Now that my porposal was accepted by NetworkX for the 2021 Google Summer of Code (GSoC), I can get more into the technical details of how I plan to implement the Asadpour algorithm within NetworkX.

In this post I am going to outline my thought process for the control scheme of my implementation and create function stubs according to my GSoC proposal.
Most of the work for this project will happen in `netowrkx.algorithms.approximation.traveling_salesman.py`

, where I will finish the last algorithm for the Traveling Salesman Problem so it can be merged into the project. The main function in `traveling_salesman.py`

is

```
def traveling_salesman_problem(G, weight="weight", nodes=None, cycle=True, method=None):
"""
...
Parameters
----------
G : NetworkX graph
Undirected possibly weighted graph
nodes : collection of nodes (default=G.nodes)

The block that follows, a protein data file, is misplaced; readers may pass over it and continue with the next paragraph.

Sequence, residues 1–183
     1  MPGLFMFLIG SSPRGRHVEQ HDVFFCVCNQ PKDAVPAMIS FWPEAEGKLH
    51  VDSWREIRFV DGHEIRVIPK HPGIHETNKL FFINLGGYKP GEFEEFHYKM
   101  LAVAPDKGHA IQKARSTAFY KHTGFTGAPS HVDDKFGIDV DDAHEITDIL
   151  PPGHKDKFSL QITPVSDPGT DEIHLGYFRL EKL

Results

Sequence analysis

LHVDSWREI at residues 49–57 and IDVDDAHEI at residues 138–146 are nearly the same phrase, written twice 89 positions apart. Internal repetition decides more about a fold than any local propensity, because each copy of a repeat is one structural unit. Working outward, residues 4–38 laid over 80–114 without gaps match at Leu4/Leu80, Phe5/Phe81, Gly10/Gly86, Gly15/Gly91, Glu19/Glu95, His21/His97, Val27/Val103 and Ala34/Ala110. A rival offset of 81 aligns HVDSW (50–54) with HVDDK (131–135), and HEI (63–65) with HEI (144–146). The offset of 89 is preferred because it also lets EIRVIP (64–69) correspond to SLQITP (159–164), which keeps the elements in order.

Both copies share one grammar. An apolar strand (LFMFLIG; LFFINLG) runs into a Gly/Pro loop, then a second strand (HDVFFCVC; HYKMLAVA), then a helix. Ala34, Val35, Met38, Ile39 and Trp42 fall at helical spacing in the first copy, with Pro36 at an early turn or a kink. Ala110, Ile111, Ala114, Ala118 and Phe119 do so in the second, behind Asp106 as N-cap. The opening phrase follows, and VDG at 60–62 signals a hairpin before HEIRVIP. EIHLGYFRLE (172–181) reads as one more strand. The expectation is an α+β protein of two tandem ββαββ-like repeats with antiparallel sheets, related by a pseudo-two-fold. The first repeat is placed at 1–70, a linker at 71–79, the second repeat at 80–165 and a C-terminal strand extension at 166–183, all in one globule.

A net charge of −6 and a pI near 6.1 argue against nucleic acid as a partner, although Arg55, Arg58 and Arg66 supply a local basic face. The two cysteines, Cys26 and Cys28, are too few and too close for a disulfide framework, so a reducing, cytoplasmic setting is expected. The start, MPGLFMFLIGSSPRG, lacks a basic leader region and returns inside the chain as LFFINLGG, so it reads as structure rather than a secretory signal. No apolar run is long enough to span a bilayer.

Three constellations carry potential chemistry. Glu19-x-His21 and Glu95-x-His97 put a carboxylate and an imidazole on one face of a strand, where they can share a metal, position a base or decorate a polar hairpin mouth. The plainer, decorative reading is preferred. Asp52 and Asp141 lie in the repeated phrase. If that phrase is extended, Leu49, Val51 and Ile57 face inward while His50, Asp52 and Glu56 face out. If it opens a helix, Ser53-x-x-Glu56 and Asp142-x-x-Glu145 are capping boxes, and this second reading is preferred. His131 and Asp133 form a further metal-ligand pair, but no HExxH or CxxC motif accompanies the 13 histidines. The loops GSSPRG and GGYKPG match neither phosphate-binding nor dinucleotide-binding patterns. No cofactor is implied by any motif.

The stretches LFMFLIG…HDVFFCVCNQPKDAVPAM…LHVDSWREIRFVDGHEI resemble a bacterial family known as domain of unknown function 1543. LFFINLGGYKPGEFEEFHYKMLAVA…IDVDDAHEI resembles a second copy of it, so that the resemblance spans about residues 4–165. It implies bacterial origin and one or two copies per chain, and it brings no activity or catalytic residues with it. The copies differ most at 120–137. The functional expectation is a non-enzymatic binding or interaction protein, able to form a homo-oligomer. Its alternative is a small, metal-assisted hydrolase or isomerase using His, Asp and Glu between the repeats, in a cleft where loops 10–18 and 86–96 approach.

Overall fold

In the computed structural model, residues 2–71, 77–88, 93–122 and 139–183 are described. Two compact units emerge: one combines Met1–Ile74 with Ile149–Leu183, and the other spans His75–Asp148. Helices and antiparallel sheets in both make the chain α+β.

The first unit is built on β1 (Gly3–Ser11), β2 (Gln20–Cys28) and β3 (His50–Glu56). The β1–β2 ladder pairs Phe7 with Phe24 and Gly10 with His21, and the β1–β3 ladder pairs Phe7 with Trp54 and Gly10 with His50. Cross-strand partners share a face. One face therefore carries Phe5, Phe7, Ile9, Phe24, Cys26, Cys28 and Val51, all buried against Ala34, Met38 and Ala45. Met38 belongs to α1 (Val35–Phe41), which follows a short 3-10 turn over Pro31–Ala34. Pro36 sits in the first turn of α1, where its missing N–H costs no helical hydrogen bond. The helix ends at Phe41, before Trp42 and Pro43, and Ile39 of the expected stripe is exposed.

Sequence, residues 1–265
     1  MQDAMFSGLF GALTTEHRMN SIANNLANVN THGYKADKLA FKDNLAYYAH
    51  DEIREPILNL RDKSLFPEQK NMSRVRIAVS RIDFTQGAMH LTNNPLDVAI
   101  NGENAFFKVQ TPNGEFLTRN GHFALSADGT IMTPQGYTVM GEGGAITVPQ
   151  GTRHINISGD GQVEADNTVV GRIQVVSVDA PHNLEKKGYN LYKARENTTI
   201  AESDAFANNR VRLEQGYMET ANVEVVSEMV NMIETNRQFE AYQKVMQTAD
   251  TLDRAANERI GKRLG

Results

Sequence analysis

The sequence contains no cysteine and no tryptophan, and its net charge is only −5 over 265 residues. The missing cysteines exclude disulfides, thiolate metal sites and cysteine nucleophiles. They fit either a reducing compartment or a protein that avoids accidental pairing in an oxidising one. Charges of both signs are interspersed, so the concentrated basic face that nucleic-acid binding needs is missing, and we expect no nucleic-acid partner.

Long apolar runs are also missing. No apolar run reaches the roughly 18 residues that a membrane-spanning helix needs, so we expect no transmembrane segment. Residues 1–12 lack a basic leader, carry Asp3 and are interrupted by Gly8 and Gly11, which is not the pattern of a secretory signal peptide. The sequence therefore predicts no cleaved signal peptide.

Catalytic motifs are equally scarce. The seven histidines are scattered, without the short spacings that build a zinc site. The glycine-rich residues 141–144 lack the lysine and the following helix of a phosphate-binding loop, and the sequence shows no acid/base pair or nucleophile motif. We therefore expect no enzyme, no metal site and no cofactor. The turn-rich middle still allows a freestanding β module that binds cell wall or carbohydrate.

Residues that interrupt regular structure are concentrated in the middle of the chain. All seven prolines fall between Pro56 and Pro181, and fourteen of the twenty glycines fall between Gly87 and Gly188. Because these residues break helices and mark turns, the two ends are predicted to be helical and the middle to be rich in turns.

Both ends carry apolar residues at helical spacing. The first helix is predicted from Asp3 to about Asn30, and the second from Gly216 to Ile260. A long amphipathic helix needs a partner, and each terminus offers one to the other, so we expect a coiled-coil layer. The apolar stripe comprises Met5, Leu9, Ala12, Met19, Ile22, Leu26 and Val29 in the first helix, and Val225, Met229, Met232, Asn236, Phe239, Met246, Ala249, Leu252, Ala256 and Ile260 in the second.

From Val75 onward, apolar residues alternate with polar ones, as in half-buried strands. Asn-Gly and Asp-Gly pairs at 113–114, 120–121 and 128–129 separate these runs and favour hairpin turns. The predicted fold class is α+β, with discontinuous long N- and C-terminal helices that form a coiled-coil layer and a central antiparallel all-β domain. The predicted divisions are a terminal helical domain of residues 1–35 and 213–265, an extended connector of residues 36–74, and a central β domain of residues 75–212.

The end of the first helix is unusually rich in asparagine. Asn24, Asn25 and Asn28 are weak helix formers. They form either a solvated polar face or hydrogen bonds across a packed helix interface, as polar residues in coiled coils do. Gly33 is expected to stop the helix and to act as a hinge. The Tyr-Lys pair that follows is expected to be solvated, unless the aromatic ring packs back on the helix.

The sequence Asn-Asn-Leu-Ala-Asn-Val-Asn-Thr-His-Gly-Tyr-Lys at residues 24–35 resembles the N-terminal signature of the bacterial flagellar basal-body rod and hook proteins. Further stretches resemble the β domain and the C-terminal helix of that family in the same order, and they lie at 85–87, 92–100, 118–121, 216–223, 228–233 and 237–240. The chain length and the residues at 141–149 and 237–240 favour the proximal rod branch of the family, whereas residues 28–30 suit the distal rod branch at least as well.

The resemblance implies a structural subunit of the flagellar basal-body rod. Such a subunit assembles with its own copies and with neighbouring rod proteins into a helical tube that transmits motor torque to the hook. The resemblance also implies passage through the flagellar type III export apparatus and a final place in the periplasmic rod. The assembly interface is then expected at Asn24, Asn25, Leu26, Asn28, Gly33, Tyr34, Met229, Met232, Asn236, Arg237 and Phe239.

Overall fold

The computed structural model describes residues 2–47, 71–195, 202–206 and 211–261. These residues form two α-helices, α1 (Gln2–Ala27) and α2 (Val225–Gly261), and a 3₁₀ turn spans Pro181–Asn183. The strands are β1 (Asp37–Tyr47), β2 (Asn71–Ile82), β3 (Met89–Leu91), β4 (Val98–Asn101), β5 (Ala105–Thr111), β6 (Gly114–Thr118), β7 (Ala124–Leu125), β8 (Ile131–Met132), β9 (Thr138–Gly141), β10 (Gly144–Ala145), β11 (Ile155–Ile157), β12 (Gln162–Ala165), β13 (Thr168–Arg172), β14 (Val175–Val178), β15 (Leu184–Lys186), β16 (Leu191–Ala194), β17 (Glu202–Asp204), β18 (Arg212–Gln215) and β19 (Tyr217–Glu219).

collection (list, set, etc.) of nodes to visit
weight : string, optional (default="weight")
Edge data key corresponding to the edge weight.
If any edge does not have this attribute the weight is set to 1.
cycle : bool (default: True)
Indicates whether a cycle should be returned, or a path.
Note: the cycle is the approximate minimal cycle.
The path simply removes the biggest edge in that cycle.
method : function (default: None)
A function that returns a cycle on all nodes and approximates
the solution to the traveling salesman problem on a complete
graph. The returned cycle is then used to find a corresponding
solution on `G`. `method` should be callable; take inputs
`G`, and `weight`; and return a list of nodes along the cycle.
Provided options include :func:`christofides`, :func:`greedy_tsp`,
:func:`simulated_annealing_tsp` and :func:`threshold_accepting_tsp`.
If `method is None`: use :func:`christofides` for undirected `G` and
:func:`threshold_accepting_tsp` for directed `G`.
To specify parameters for these provided functions, construct lambda
functions that state the specific value. `method` must have 2 inputs.
(See examples).
...
"""
```

All user calls to find an approximation to the traveling salesman problem will go through this function.
My implementation of the Asadpour algorithm will also need to be compatible with this function.